Despite 65 per cent of employees citing financial wellness in the workplace as important to them, only 7 per cent of employers are providing any sort of retirement planning support.
Thomsons Online Benefits in its Future of Financial Wellness report finds that UK employers are struggling to cater for and support a multi-generational workforce’s complex and varied financial needs.
This is at a time when household debt has reached a record high of £1.5 trillion and younger generations have less money in real terms than in the 1950s.
The research, which compared the views of 700 employees and HR & reward professionals at large companies in the UK, reveals a major disparity between employee expectations and what employers are offering to support financial wellness in the workplace.
Many UK-based companies are not currently providing relevant financial benefits, convenient access to those benefits, nor offering financial education programmes to empower employees to make informed decisions around debt, mortgages, budgeting and savings.
While 97 per cent of employers are providing a pensions scheme, only 7 per cent offer any type of retirement planning support – worrying given the array of legislative reform which has driven further complexity in the market
Over half of UK employers report they are not providing their employees with relevant financial benefits, and only 15 per cent of UK employers have a financial education programme – concerning when the UK has a lower than average financial literacy score (ranked 15th out of 30 countries according to a recent OECD study).
David Dodd, consulting director at Thomsons Online Benefits thinks that employers have a responsibility to improve employee financial wellness not just as a duty of care, but to optimise employee engagement and business productivity.
‘Only offering a pension and life assurance won’t cut it with a multi-generational workforce who need broader financial support beyond retirement options.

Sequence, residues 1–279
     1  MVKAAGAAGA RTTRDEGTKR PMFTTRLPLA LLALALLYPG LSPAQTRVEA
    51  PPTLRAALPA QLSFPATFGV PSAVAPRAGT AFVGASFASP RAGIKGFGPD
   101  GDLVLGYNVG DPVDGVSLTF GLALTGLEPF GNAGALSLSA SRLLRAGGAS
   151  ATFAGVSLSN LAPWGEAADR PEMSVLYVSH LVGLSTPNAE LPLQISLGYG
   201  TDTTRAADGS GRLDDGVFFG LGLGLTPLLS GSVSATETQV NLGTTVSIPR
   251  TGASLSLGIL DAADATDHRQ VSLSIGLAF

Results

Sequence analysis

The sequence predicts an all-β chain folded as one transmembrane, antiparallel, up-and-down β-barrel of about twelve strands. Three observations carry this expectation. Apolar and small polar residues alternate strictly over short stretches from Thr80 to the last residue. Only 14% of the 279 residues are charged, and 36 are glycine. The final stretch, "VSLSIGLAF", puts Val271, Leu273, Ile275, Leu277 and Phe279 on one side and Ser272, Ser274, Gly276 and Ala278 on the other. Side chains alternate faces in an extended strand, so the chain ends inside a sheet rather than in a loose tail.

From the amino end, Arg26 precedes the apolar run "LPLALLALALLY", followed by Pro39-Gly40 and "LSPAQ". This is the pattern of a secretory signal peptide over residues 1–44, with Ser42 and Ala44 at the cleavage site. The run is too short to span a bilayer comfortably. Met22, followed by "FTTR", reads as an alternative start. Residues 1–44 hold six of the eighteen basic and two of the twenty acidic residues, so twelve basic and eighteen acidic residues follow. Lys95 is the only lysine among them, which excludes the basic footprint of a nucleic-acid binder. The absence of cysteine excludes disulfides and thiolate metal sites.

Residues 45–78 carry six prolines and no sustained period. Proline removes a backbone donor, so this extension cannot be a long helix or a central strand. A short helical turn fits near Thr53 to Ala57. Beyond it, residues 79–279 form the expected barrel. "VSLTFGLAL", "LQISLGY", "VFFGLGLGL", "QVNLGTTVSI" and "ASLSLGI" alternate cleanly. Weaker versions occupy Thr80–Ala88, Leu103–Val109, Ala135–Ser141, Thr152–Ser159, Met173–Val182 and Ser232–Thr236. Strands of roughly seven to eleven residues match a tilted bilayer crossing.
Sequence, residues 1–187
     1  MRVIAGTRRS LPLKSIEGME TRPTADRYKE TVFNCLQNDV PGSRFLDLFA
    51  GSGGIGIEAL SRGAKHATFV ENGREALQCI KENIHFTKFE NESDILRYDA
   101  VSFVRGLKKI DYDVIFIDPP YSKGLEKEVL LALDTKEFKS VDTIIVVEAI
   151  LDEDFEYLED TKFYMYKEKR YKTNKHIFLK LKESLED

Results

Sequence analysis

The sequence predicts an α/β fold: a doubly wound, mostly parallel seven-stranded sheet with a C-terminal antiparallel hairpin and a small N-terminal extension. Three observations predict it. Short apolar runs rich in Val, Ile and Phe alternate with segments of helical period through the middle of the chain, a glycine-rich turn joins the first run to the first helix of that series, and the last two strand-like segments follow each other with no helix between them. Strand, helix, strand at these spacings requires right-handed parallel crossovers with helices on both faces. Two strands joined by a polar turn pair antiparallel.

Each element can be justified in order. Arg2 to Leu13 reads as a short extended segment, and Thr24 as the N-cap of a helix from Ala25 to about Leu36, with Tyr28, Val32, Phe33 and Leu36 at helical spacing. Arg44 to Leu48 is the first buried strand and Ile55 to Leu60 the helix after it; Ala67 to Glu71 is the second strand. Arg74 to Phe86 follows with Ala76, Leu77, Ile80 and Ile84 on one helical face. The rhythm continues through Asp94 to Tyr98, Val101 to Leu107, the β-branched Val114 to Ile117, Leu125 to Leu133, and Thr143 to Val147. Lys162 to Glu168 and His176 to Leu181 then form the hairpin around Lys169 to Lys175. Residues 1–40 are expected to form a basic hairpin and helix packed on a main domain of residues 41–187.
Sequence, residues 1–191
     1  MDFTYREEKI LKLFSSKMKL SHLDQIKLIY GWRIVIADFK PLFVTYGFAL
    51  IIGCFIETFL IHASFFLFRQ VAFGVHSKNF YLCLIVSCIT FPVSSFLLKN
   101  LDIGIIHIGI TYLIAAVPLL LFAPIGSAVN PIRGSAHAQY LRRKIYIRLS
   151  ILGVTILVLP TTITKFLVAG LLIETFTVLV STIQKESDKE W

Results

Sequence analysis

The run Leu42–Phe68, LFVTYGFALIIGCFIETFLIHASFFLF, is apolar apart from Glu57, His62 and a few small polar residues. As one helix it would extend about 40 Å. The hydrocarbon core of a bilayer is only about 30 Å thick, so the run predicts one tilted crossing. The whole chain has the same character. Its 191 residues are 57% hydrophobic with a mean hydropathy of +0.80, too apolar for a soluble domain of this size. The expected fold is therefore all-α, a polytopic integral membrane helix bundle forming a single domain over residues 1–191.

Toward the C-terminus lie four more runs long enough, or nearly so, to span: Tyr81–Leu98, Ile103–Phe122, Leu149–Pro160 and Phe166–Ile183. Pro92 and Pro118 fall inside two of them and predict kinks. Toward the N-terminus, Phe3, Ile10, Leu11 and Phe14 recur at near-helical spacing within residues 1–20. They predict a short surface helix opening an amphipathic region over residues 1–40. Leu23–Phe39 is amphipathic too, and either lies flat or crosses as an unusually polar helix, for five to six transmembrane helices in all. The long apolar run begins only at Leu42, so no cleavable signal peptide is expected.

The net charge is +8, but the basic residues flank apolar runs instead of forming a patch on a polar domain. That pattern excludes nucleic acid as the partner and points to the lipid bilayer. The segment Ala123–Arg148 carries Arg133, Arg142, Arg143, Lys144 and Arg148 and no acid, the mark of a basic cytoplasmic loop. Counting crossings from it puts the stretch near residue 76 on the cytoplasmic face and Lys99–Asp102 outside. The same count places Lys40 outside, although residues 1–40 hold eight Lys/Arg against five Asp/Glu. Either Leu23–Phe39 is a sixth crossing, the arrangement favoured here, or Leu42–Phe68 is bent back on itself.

‘Now employers must listen to their people, understand their needs and tailor financial wellness programmes with relevant solutions for different demographic groups. Employers who prioritise employee wellness now have the tools available to meet these complex needs and support their people to make sound financial decisions, giving them access to expert advice from FS providers and online tools.’
The convenience factor
Employees are demanding intuitive online experiences like the ones they have as consumers of services like Uber and Amazon. This is setting a challenge for how they should access their financial benefits. Thomsons’ research shows that the largest single factor influencing employees’ perception of benefits is convenience.
More than two thirds of employees (68 per cent) want a single place to access all their benefits, yet only 16 per cent of employers currently offer this. More than half of people (54 per cent) want access to benefits from their mobile device, yet only 28 per cent of UK companies offer this. Half of employees (52 per cent) want single sign on access to their benefits but only 27 per cent of employers offer this.
The provision of financial wellness services and education needs to be delivered in a way which is as convenient and as accessible as possible to employees. Those employees with access to benefits via a mobile app are six times more likely to be very engaged with their organisation and much more engaged with their benefits (34 per cent compared to 21 per cent if an app isn’t being used).
The situation is set to improve though – 47 per cent of UK employers report they are considering implementing a financial wellness programme in 2017. Those already adopting a financial education programme are reaping the rewards. Employees are twice as likely to be very or extremely engaged in their organisation (38 per cent vs 19 per cent) and HR and reward professionals are twice as likely to be very effective at meeting their benefits objectives.
Further reading on retirement planning